This might be the most ludicrous book I have ever read. It’s Gravity’s Rainbow but with drugs instead of a war. And how many drugs! Every single one, taken simultaneously while driving around. How did they make a movie out of this? Not much actually happens, and if you filmed it without the drug-addled haze the protagonist views everything through it would be staggeringly dull. I might have to watch the movie just so I can understand how they did it.
Hunter S. Thompson writes his usual unlikeable jerkwad of a protagonist, doing his level best to destroy his mind, liver and kidneys in record-breaking time. He’s racist and sexist, has no redeeming qualities, and for some reason I still enjoyed this book more than The Rum Diaries. There are fewer characters in Fear and Loathing in Las Vegas, so maybe that’s it. Fewer people to hate. My favourite part of this book is the beginning, when the insanity is still novel and amusing. Towards the middle it shades darker, and becomes more depressing. It lifts up towards the end, following the protagonist’s paranoia and mood. Thompson does a good job making the tone of the tale parallel the main character’s inner attitude.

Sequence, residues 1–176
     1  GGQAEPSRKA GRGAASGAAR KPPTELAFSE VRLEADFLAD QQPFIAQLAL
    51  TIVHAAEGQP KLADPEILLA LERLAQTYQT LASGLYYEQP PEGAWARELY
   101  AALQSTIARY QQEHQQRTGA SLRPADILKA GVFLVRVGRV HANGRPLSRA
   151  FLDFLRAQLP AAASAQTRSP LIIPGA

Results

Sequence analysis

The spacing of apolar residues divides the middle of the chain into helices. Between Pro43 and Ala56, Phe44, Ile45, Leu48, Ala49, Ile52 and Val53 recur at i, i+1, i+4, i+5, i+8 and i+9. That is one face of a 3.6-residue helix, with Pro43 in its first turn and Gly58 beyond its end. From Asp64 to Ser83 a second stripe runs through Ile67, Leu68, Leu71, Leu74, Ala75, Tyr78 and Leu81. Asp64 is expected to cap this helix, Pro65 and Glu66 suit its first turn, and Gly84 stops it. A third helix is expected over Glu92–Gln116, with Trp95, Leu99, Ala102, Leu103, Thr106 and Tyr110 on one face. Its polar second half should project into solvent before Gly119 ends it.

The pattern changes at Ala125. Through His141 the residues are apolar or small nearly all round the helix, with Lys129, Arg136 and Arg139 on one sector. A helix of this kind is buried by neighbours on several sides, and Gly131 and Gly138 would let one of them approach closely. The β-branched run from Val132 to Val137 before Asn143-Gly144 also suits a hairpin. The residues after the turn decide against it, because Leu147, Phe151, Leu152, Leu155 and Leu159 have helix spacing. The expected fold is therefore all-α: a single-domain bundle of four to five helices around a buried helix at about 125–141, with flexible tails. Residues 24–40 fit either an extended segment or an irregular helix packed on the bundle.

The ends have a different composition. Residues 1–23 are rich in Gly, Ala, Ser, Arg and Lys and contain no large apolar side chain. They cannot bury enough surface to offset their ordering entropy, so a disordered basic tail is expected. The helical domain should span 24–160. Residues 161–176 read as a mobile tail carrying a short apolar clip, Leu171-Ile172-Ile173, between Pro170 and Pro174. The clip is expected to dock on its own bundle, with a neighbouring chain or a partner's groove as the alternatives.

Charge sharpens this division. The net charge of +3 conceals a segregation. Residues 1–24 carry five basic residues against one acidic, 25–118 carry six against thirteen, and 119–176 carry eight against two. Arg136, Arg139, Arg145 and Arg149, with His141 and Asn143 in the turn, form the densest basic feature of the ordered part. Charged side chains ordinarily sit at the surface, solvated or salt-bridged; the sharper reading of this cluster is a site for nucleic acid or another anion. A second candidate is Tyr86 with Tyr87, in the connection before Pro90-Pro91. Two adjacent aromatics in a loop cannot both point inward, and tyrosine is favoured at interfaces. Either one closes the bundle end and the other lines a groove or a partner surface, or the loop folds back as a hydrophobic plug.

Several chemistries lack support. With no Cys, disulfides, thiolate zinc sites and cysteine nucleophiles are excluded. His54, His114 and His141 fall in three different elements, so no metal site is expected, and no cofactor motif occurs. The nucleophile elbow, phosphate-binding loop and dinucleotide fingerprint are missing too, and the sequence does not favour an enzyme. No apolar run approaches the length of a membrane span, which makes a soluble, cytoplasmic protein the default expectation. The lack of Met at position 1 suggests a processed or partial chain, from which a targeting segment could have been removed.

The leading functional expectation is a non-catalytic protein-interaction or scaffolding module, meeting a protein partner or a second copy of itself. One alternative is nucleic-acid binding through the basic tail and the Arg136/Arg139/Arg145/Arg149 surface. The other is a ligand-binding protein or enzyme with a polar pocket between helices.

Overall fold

Thompson’s writing is what makes this book for me. Stripped down. Evocative. I wonder if he read a lot of Hemingway growing up? Because that’s what it reminds me of. The same sort of minimalist description, like he gave himself a maximum word count to get the idea across. There’s next to nothing there but it’s still so good, so meaty and real. And possibly toxic, so don’t consume too much of it. That’s a lot of cursing and slurs. Maybe follow this one up with something uplifting and good for your soul. Shakespeare? One of the comedies, though.